In our discussion of civics, we began with a recognition of certain biblical principles (justice, honor, righteousness) that are essential to a truly Christian interaction with the world around us. And though these principles have taken a variety of forms throughout the ages, in our current cultural climate they are often labeled as conservative or traditional. But this sort of conservatism is more than a contemporary political philosophy, its roots go much deeper (going back to the Garden) and broader (drawing from both the East and the West) than our current place in time and space.
We find an interesting parallel to these thoughts in a short, three-chapter treatise by C.S. Lewis, The Abolition of Man. A few months ago, we saw a glimpse of his approach to ethics by way of his views on universal morality and the Golden Rule. For example, in Miracles Lewis writes:
If we are to continue to make moral judgements (and whatever we say we shall in fact continue) then we must believe that the conscience of man is not a product of Nature. It can be valid only if it is an offshoot of some absolute moral wisdom, a moral wisdom which exists absolutely ‘on its own’ and is not a product of non-moral, non-rational Nature. (60)
Though this theme recurs in several of his other works as well (Mere Christianity, Surprised by Joy, and even the “deep magic” of Narnia), in The Abolition of Man, it becomes the fundamental ground of both educational and political reform. If being human means anything at all, this meaning must drive our efforts to live, love and learn. But by rejecting this traditional understanding of human nature, modernism reflects a narrow and incomplete view of humanity, which can only produce more of the same: “Men without Chests” (AM 25).
To illustrate this principle of universal morality, Lewis intentionally draws on the Confucianism of the East and its conception of the Tao (the Path or Way). “It is the doctrine of objective value, the belief that certain attitudes are really true, and others are really false, to the kind of thing the universe is and the kind of things we are” (18). So by living in a world that actually exists and among actual people capable of reason, man can utilize his common sense to recognize this Way and live by it.
Such a view of the Tao is present in almost every pre-modern or modern society, though under a sundry of different names, such as “Natural Law or Practical Reason or the First Platitudes” (43). In truth, then, it is not merely one way to view reality, it is the Way: “It is the sole source of all value judgments. If it is rejected, all value is rejected. If any value is retained, it is retained” (43). Or as he states previously with greater brevity, “If nothing is self-evident, nothing can be proved” (40). Rationality depends on an objective reality and meaning outside, and independent of, human thought. And if we cannot even agree on the fundamental facts of reality human reason (much less language!) is a mere exercise in futility.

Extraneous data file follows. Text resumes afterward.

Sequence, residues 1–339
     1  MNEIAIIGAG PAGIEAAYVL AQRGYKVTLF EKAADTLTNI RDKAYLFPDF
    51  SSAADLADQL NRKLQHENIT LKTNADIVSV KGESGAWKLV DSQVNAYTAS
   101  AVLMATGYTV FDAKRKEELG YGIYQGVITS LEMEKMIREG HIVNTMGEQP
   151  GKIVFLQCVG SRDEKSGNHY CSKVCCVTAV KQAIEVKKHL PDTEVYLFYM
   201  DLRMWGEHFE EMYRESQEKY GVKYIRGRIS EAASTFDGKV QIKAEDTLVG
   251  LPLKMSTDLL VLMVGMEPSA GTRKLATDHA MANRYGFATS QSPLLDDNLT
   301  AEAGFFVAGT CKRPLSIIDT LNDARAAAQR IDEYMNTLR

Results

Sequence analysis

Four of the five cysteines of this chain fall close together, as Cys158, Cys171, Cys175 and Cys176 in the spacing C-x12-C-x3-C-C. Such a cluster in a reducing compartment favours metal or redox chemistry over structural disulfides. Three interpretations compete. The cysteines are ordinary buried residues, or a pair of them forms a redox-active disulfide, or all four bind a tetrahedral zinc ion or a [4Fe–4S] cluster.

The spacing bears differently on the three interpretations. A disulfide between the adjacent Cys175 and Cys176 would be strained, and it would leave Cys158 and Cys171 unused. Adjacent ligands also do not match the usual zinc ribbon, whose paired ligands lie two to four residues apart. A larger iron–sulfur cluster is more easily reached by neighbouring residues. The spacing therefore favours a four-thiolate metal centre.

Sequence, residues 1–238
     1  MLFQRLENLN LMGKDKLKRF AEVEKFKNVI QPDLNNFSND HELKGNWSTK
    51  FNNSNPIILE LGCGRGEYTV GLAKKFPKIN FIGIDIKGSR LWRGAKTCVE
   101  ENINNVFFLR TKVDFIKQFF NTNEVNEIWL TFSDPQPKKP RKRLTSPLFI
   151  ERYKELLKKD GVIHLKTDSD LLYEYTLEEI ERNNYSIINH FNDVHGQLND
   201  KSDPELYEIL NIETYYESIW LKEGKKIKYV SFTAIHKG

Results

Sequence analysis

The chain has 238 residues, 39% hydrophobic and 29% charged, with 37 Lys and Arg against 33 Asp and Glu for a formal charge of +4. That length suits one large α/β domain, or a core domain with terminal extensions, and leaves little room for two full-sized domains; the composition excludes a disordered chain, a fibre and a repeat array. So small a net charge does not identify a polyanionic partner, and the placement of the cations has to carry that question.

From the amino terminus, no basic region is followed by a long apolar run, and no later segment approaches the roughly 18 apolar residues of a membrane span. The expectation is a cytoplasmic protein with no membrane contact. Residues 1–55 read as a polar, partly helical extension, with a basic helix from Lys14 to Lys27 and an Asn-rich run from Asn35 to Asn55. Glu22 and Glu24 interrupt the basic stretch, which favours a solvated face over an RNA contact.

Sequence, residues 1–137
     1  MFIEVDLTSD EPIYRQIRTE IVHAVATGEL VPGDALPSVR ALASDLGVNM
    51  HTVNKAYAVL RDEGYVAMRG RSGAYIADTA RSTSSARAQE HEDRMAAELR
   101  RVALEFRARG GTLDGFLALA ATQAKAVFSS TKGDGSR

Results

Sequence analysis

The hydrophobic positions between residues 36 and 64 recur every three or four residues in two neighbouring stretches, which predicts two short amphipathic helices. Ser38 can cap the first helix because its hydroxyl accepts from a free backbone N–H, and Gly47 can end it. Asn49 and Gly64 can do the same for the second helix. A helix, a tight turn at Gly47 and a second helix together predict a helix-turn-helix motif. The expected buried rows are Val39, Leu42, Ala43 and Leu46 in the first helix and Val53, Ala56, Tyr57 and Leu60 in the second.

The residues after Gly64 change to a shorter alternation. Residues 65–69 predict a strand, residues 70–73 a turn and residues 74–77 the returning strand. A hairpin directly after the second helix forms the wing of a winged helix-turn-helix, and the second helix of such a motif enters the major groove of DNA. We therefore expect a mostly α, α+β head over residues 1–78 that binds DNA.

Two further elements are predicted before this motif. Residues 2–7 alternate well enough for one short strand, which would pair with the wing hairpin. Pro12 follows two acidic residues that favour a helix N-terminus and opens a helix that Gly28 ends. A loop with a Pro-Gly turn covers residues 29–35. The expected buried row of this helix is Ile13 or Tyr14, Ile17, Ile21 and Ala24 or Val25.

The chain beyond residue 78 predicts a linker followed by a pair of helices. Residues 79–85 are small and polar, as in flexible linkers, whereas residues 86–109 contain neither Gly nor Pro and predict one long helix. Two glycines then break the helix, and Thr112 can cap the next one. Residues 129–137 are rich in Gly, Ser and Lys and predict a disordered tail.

Of course, as we have pointed out before, the self-evident existence of the Tao does not extend to complete identity of ethical principles and precepts across cultures. Lewis, thus readily admits that, “Some criticism, some removal of contradictions, even some real development is required” (45). But this does not amount to a completely subjective, relativistic view of morality, since reality itself provides the ultimate test of authenticity. So while one age may “harmonize discrepancies in its letter by penetration to its spirit,” these developments are a vindication and fulfillment of the Way, rather than evidence of its demise (47). In other words “the Tao admits development,” but only “from within” (45).
Though modern ethical and political thinkers have rejected much of traditional thought on the subject, Lewis also provides a stern warning. If freedom is indeed the goal (or better, one of the goals) of Western democracy, democracies must recognize and renew their commitment to core principles, or else collapse into sheer tyranny. “Only the Tao provides a common human law of action which can over-arch rulers and ruled alike. A dogmatic belief in objective value is necessary to the very idea of a rule which is not tyranny or an obedience which is not slavery” (73). If the Tao falls, so does human dignity, so does common sense, so do human communities.
As you have probably figured out by now, true civics is much more than politics. It is a religious, moral and cultural endeavor that seeks to reform human society based on timeless principles; to remind us what it means to be human; and to point us to an order and a Mind far above our own. As we continue our march to the midterms, then, we will progress in what may seem strange directions, but which grow naturally from the principles we have discussed thus far (discussing literature, education, economics, and foreign policy) all the while maintaining a primarily literary approach (Jane Austen, Aristotle, Harold Bloom, Lawrence Levine, Karl Marx, Adam Smith, and Samuel Huntington). But before we proceed, we must address the greatest threat to such an approach: the post-modern pragmatism of Friedrich Nietzsche.